DC to AC rail splitter

ericgibbs

Joined Jan 29, 2010
13,650
hi mv,
Depending upon the OPA circuit application, the Passive splitter is very limited..
The Active OPA based splitter is a better choice, but again it has some limitations.

What are the required 3, voltages and current that you Amp requires.

E
 

ericgibbs

Joined Jan 29, 2010
13,650
hi,
Looking over that PCB image, I would say that the 'black' rectifier and the two large capacitors, suggests a dual power supply of approx +/-18V
I would say that a Active splitter is not going to be a solution.
Divide your 36V battery pack into two 19V supplies, one as +V and one as -V. do you know how to do that.?
E
 

Thread Starter

missile villegas

Joined Jan 7, 2016
10
hi,
Looking over that PCB image, I would say that the 'black' rectifier and the two large capacitors, suggests a dual power supply of approx +/-18V
I would say that a Active splitter is not going to be a solution.
Divide your 36V battery pack into two 19V supplies, one as +V and one as -V. do you know how to do that.?
E
Oh ok
Thank you very much
One last question
Would it work just plugging it in straight like that???
Being that the battery is DC and the board requires ac
 

DickCappels

Joined Aug 21, 2008
7,736
It is ok, but you will loose 1 to 2 volts in the rectifiers, or if you are real careful to always connect the batteries in the correct polarity you can remove the diode bridge and connect the batteries directly to the bridge's outputs marked + and - .

Keep in mind that as you use the batteries the voltage will drop and the specification in the listing says " - Working voltage: double AC18-24V " so maybe you want to start at a higher voltage so you can get more running time out of your batteries.

To get much volume (the amplifier is rated at hundreds of watts!) you will probably want to use a much larger battery than the 18650 unless you plan to run at very low volume.
 

Thread Starter

missile villegas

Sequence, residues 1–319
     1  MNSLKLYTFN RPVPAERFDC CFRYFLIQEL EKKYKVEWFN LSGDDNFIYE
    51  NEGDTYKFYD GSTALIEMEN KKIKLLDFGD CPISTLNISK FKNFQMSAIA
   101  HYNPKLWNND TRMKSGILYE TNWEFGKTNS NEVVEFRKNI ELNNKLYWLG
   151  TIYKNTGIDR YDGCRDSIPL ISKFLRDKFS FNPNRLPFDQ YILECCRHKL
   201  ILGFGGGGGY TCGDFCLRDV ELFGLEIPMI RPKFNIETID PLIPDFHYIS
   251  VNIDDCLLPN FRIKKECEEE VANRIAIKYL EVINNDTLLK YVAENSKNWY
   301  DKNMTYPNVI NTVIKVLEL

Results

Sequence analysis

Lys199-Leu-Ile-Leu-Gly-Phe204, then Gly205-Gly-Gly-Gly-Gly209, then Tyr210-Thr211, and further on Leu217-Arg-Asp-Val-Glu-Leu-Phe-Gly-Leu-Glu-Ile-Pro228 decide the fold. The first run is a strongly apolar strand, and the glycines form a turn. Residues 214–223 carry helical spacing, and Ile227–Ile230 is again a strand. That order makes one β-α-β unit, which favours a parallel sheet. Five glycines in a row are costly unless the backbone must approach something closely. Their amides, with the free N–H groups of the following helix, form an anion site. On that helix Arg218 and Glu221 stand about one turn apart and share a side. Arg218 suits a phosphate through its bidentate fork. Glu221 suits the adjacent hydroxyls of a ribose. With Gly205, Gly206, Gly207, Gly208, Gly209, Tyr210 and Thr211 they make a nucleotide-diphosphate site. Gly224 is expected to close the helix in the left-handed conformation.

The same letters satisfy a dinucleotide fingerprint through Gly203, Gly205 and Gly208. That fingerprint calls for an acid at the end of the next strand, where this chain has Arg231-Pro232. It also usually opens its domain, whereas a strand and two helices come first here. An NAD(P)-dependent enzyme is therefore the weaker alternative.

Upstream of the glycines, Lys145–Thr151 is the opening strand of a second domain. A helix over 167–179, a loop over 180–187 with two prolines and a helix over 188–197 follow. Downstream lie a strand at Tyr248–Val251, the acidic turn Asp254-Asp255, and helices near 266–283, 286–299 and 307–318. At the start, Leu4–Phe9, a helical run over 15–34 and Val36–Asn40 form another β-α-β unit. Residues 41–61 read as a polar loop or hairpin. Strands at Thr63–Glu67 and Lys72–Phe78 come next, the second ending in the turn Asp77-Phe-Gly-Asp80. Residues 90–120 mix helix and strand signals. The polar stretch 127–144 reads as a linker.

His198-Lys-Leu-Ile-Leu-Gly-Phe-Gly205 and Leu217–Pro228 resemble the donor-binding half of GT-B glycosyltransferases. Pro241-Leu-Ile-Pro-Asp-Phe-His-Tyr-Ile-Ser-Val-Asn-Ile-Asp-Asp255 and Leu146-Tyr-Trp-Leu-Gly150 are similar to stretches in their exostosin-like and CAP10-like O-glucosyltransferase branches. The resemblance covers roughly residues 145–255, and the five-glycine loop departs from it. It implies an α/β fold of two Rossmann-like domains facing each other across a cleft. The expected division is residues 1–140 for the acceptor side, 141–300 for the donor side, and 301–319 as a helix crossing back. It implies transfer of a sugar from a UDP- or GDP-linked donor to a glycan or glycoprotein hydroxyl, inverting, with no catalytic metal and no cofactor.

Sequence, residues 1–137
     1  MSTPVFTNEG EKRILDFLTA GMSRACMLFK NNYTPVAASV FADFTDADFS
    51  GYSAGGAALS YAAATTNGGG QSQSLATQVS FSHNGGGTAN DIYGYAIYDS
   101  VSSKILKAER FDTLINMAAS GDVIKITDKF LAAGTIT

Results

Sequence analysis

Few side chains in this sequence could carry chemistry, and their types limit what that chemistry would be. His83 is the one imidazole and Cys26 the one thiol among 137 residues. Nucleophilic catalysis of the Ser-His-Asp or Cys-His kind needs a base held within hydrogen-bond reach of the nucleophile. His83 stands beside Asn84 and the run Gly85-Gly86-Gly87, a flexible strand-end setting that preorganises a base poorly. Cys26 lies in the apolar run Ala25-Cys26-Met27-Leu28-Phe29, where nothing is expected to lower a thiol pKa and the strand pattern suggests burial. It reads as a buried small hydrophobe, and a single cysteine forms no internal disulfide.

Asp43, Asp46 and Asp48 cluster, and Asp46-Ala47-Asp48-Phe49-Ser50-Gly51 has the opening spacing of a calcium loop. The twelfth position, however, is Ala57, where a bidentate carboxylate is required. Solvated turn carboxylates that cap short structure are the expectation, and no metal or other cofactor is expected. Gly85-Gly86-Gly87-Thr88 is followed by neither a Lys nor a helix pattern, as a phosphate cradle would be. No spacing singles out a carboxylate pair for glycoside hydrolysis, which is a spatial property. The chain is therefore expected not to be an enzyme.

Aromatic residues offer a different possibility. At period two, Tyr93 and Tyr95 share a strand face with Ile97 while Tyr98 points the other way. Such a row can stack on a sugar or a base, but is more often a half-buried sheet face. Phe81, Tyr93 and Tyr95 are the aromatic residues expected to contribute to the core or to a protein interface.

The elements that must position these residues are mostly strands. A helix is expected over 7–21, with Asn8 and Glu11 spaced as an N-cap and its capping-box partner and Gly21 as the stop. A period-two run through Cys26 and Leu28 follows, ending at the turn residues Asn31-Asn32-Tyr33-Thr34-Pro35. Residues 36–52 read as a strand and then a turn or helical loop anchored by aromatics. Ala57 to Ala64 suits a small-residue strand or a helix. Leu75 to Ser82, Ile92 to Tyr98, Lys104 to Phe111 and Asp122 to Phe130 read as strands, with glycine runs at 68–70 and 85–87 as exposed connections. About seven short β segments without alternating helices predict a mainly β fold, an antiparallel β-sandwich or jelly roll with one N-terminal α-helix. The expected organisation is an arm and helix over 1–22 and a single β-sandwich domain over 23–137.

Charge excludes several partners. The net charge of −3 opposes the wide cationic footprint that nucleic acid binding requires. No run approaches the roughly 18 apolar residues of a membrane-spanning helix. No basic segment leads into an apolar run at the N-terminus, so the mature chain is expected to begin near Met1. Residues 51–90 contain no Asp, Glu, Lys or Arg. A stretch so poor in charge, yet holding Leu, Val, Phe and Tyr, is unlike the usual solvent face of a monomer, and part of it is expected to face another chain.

Joined Jan 7, 2016
10
It is ok, but you will loose 1 to 2 volts in the rectifiers, or if you are real careful to always connect the batteries in the correct polarity you can remove the diode bridge and connect the batteries directly to the bridge's outputs marked + and - .

Keep in mind that as you use the batteries the voltage will drop and the specification in the listing says " - Working voltage: double AC18-24V " so maybe you want to start at a higher voltage so you can get more running time out of your batteries.

To get much volume (the amplifier is rated at hundreds of watts!) you will probably want to use a much larger battery than the 18650 unless you plan to run at very low volume.
I see
Screenshot_20200324-135859.png
Initially this is what I was planning on doing since it seemed like the easiest thing to do
Being that I don't really know much about electronics
I just don't know what size capacitors and resistors I would use
Thanks for your help I really appreciate it
 

Audioguru again

Joined Oct 21, 2019
3,542
Why would anybody want to buy that cheeep, no-name-brand audio amplifier that has no detailed audio spec's??
An 18650 battery pack is rated for about 3A max then the 38V x 3A= 114W where half (57W) can be used for the 3 audio amplifiers and the other 57W is heating.